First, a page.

Updated: Oct 12, 2020
Cat and Dog Allergies
Allergy and Signs of Allergy:
Cats and dogs can be allergic to one or more different things and to help describe their allergies, there are three main groups of allergies. Within each group, your pet may be allergic to something very specific but generally the groups overlap; allergy is like a Venn diagram. This means, your pet may be allergic to things from one or all of the three main groups. The main groups are:
Cats and dogs can be allergic to the saliva of fleas which is injected into the skin when they bite. This is the most common type of allergy and in cats it typically causes over grooming and in dogs, scratching and nibbling. The skin develops little red spots (papules) and in cats, they are felt as widespread crusts (this is called miliary dermatitis).
Food allergies can arise even when cats and dogs have been eating the same food for months to years. A food allergy is a reaction to a particular protein or food chemical and the reaction manifests in the skin. Common proteins that cats and dogs are allergic to include chicken, fish, gluten and egg. Cats that have a food allergy generally scratch around the head and neck but in dogs, any dog that is considered to be itchier than “normal” could have a food allergy.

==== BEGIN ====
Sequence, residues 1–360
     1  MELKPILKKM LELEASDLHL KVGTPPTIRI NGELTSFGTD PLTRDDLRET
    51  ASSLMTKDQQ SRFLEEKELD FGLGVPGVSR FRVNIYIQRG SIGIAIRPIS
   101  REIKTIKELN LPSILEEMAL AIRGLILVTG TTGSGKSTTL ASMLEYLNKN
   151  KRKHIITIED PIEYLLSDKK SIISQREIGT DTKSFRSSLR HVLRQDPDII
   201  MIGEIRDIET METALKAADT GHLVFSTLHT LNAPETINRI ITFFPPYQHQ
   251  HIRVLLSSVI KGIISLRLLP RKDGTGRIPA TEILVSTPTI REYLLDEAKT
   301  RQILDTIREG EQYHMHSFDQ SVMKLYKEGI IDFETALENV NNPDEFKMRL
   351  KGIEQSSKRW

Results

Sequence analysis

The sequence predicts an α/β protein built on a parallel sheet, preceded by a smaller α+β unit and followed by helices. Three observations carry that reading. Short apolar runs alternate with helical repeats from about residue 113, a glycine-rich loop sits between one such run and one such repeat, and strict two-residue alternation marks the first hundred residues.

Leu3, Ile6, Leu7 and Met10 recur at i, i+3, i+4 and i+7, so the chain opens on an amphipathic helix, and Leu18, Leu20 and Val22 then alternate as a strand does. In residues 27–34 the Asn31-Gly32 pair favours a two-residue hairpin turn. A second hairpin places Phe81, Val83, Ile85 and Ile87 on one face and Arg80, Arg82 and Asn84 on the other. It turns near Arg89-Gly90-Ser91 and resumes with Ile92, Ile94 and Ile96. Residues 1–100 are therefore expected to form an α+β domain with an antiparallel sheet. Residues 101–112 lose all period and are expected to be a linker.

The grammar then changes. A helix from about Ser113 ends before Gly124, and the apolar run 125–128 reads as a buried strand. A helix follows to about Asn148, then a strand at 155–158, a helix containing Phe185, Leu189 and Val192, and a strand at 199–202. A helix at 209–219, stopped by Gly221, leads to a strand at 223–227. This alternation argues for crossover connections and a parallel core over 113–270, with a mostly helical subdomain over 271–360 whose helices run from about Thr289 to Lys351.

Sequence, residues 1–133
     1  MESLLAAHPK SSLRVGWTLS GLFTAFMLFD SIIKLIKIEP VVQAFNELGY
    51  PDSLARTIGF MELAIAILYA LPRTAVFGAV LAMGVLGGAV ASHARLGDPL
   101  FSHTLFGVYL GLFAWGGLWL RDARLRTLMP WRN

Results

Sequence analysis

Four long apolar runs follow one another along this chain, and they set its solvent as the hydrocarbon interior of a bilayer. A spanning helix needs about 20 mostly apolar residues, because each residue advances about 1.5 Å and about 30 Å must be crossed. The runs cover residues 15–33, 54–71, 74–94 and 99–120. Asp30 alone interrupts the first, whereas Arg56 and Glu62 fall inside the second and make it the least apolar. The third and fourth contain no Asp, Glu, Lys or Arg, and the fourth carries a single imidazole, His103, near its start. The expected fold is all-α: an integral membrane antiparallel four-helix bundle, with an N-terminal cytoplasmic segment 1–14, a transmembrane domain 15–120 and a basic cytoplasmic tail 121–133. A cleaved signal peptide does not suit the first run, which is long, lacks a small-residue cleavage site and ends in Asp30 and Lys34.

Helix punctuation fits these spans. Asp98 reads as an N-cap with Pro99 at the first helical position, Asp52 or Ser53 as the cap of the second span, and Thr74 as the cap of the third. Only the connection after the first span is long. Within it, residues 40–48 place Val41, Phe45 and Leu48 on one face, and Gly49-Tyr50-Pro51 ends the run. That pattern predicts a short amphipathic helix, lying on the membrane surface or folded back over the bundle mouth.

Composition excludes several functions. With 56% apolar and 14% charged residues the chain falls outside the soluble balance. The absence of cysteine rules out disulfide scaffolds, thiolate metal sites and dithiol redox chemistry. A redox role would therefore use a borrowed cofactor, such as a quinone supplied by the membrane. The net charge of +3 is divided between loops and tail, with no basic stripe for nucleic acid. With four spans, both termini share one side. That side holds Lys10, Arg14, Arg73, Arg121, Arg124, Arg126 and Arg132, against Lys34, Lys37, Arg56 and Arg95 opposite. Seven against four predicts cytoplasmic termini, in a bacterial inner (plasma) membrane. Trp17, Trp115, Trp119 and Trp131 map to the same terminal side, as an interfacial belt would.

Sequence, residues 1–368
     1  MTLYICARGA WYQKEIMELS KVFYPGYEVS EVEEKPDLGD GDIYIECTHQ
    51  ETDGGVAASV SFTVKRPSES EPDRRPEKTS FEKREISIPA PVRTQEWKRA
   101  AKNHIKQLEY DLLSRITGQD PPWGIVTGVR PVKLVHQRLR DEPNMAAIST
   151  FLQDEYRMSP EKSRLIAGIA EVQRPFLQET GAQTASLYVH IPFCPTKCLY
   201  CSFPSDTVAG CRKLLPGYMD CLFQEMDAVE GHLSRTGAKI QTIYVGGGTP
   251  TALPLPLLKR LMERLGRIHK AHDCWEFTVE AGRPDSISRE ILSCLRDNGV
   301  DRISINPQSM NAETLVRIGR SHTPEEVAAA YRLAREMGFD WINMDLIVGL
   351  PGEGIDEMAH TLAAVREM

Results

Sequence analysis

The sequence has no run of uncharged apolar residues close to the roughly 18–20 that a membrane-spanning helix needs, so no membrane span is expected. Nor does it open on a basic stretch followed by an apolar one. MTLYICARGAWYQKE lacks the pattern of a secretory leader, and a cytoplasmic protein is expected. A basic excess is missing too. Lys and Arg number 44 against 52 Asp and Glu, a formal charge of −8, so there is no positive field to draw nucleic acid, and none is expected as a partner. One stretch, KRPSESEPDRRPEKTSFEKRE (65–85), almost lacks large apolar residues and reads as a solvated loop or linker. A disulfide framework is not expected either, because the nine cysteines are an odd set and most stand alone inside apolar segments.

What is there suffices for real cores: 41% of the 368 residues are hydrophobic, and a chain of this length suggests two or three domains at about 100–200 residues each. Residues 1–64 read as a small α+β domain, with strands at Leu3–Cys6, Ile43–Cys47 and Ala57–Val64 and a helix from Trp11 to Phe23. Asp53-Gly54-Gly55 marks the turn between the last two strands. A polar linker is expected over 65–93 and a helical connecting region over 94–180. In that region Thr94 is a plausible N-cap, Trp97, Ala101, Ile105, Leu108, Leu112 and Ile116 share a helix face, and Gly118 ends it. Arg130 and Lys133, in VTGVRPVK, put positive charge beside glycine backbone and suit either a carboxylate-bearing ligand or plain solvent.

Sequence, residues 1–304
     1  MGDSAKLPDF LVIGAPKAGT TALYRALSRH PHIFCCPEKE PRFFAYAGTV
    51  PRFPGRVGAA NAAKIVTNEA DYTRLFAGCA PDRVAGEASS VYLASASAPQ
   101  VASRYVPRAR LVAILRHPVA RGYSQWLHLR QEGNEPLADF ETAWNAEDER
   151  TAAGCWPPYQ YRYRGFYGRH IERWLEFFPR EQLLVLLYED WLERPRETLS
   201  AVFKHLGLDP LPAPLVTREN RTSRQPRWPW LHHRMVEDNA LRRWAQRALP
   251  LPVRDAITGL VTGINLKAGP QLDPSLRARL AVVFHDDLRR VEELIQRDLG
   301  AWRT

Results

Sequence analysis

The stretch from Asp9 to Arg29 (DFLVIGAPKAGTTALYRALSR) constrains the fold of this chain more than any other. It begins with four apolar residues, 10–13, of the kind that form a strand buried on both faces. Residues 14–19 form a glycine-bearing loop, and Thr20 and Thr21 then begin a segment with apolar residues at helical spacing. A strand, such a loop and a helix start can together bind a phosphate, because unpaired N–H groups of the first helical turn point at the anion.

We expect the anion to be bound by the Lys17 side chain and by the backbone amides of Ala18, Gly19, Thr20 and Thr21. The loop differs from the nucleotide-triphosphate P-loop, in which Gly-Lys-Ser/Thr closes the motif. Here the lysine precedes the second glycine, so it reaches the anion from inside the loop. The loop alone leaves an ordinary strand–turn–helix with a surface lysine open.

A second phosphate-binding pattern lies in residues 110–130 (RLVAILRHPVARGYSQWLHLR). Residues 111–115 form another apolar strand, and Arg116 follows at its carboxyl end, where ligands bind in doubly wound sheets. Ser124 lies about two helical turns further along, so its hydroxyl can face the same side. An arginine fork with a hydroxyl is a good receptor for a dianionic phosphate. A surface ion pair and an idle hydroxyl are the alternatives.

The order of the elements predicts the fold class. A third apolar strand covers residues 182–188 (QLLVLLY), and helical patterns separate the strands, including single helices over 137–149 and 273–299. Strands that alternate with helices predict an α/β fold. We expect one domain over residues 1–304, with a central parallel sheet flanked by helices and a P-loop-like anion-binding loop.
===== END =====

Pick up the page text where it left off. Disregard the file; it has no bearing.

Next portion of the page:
Atopic dermatitis is basically a reaction to an environmental allergen, comparable to hay fever or asthma in humans. The environmental allergen may be seasonal, for example pollen, or be present all year round, for example house dust mites. For seasonal atopic dermatitis, cats and dogs only itch when the allergen is in abundance thus at certain times of the year. Cats and dogs with atopic dermatitis appear to scratch their body, lick and chew their paws and rub their face.
It is possible for your pet to have more than one type of allergy and in these cases, treatment is holistic. Furthermore, it is very common for your pet to have a dermatological flare up: it will start itching more and the skin will appear red. It is important for you to contact the dermatologist during a flare to regain balance and control of skin. Management of skin allergies is life-long and owner understanding, and compliance is essential for success.
Work together with your veterinarian to gather clues about your pet's needs.